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Wineries, Art Deco and Gannets: On Site in Hawke's Bay, New Zealand

April 18, 2013 By: Joe Pike

HAWKES BAY, New Zealand - Travel Agent is currently on site in one of New Zealand's best kept secrets, Hawke's Bay, and in just one day is already convinced this is a destination agents should be looking to sell now.

From foodies to art enthusiasts to bird watchers, Hawke's Bay, located on the North Island's eastern coast, has something for just about every client.

Our first full day in Hawke's Bay kicked off with a little art history lesson in the small town of Napier, widely considered the Art Deco capital of the world. We took part in the Art Deco Vintage Car and Walking Tour, during which we learned all about both the devastation the earthquake of 1931 brought to the town and also how the 7.8-magnitude earthquake helped reshape the region's history, aesthetics and heritage. We were escorted by experienced tour guides, Tony Mairs and David Brock, in a 1939 Packard Six classic automobile.

According to Mairs, the earthquake of 1931 killed 261 people. Shorty after the quake, more than 6,000 tradesmen from all over New Zealand came to Napier to rebuild the town. Why rebuild it? Because of "the gift," Mairs says, referring to the two meters of land that was raised by the quake, equating to roughly 18,500 acres of additional land. Through the rebuild, the Art Deco style, which in its simplest form is basically a reinforced concrete box, was born. Throughout the years, however, architects from all over the world began putting their personal touches on these buildings, making this era an "architect's dream," says Mairs, because they basically had free reign to put their stamps on these otherwise plain buildings.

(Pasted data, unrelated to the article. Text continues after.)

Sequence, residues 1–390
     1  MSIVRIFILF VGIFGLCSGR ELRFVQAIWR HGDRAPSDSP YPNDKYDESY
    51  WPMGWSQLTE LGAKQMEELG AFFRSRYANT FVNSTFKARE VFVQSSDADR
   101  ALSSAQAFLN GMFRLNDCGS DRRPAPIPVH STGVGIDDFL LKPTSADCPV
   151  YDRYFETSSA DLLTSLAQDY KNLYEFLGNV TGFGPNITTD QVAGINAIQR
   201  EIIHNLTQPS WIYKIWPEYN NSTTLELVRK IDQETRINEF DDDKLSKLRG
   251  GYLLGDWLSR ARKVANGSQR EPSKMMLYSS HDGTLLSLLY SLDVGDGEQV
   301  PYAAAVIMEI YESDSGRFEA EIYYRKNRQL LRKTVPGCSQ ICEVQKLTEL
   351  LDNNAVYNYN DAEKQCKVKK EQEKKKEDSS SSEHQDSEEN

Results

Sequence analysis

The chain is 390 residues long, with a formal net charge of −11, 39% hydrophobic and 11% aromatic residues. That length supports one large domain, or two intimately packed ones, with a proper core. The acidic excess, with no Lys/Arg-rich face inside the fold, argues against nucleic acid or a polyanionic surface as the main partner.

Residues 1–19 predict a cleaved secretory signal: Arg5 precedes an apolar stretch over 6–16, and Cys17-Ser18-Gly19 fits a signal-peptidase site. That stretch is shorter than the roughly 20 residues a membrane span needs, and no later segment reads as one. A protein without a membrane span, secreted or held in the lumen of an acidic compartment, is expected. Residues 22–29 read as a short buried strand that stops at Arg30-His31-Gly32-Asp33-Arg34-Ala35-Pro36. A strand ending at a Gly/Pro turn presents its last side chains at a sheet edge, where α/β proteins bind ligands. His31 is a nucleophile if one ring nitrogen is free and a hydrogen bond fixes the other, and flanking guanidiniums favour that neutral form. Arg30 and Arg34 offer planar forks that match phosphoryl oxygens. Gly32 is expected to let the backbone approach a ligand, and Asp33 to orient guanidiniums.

Twenty-two months later, a carnival was held to celebrate the new Napier, which was hailed as "the most modern town in the world," says Mairs. Most of the original Art Deco buildings were eventually lost and later rebuilt in 1986. The only factor keeping UNESCO from naming Napier a World Heritage Site is that not enough time has passed since 1986, Mairs said.

Our first stop was the Napier Port, which saw calls from 66 cruise ships this year, a leap from the 29 ships the port brought in just three years ago, Mairs says. Ships calling to Napier Port include most major lines from Cunard Line to Princess Cruises to Holland America Line. 

Other highlights of the tour included a stop at the iconic National Tobacco Company building, the Daily Telegraph building and the Napier Municipal Theatre, which was built in 1931 shortly after Napier was rebuilt from the earthquake. The building includes two of the first neon lights in all of New Zealand and is still an immensely popular place to see live shows. In fact, the theater put on 19 performances of Les Miserables in 1995 with all 19 shows selling out. Also, the Moscow Ballet is slated to perform here in roughy three weeks, Mairs says.

The town is really like taking a step back in time and the skyline is also very easy on the eyes as no utility wires obstruct the view. According to Mairs, when the town was rebuilt all of the wires were put under ground to preserve the beauty of the skyline. And it worked. Walking tours start at as little as $15 while car tours cost $150. Agents should note that car tours are for a maximum of four people, but cost $150 whether you have four clients or just one, so tell clients to car pool. It is open seven days a week from 9 a.m. to 5 p.m. Visit